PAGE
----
Laurie Chesley, one of three candidates running to become Central Oregon Community College’s next president, had never visited Bend before arriving Wednesday to meet with stakeholder groups and the public.
But she said she already loved the city, and being a Michigan native, didn’t mind the snowy weather.
“It’s beautiful; there’s interesting things to do, nice people — what’s not to like?” she told The Bulletin.
If selected by the COCC board of directors, Chesley said she would use her experience as an administrator at a four-year university and multiple community colleges to strengthen COCC’s connection with nearby Oregon State University-Cascades and other four-year universities by easing the transfer process.
“I think it’s important for students to have options and clear pathways that save them time and money to reach whatever their academic and career goals are,” she said. “Seamless transfers are very important to that.”
Chesley is the provost and executive vice president for academic and student affairs at Grand Rapids Community College in Michigan and spent 18 years as a higher-education administrator at Ferris State University, Montgomery County Community College in Pennsylvania and Grand Rapids Community College. She earned her master’s and doctorate degrees in English at the University of Notre Dame, and taught English for 14 years before becoming an administrator at various higher-education institutions.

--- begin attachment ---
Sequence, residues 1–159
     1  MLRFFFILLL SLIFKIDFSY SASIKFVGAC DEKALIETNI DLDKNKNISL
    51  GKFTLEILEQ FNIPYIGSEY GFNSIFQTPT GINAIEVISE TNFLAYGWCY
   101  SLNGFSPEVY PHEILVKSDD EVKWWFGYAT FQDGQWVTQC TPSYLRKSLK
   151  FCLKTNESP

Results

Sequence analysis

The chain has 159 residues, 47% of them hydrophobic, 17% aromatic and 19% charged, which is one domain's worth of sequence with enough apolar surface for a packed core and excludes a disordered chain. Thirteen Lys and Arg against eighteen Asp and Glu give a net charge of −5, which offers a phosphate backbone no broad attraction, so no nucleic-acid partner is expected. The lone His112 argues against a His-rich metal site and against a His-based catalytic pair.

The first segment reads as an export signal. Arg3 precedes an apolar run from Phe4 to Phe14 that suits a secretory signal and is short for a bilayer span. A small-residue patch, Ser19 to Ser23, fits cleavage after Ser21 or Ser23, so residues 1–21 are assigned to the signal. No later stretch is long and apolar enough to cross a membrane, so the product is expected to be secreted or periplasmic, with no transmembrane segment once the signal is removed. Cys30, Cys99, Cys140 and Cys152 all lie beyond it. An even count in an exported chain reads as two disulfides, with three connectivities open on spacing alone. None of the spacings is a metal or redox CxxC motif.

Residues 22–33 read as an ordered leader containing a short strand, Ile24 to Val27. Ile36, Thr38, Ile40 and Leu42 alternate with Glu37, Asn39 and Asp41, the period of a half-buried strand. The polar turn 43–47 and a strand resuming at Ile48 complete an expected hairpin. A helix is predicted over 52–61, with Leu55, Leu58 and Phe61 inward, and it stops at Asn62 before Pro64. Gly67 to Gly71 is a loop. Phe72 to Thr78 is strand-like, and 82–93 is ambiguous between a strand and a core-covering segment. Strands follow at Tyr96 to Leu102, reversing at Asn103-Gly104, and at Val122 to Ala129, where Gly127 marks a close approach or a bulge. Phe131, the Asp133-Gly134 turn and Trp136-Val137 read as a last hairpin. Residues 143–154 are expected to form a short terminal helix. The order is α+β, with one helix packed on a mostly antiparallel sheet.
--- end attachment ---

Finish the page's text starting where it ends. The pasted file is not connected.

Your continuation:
In regards to COCC’s declining enrollment, which has fallen by over 30 percent since the 2011-12 school year, Chesley said she planned to expand the amount of online courses for adult learners, who might work full time and wouldn’t have as much time to constantly drive to campus.
Chesley suggested fostering an environment in Central Oregon where more residents attended higher-education courses, whether it’s a transfer degree to a four-year university or taking courses for a trade.
“That’s the long game: helping establish a college-going culture, and helping folks understand the value of a higher-ed credential,” she said. “It is not just getting a bachelor’s degree in English. That’s okay, too, but it’s more than that.”
If selected, Chesley said she would “take time to assess the situation surrounding COCC’s campus security’s conflict with local law enforcement officers, who say the school’s security officers look and act too much like official police officers and the department underreports crimes to Bend Police.
“What I am confident of, is that the current administrative leadership and (President Shirley) Metcalf are on a good path forward, and that they care deeply about the future of the college, they care deeply about safety, and that the college is moving in the right direction,” she said.
Chesley is the third candidate to have visited Central Oregon. Last week, fellow presidential candidates Kimberlee Messina and Tod Treat spoke with COCC staff, administrators, students and the public. The COCC board of directors’ goal is to name the new president by early March, and the selected candidate will replace Metcalf, who is retiring July 1.
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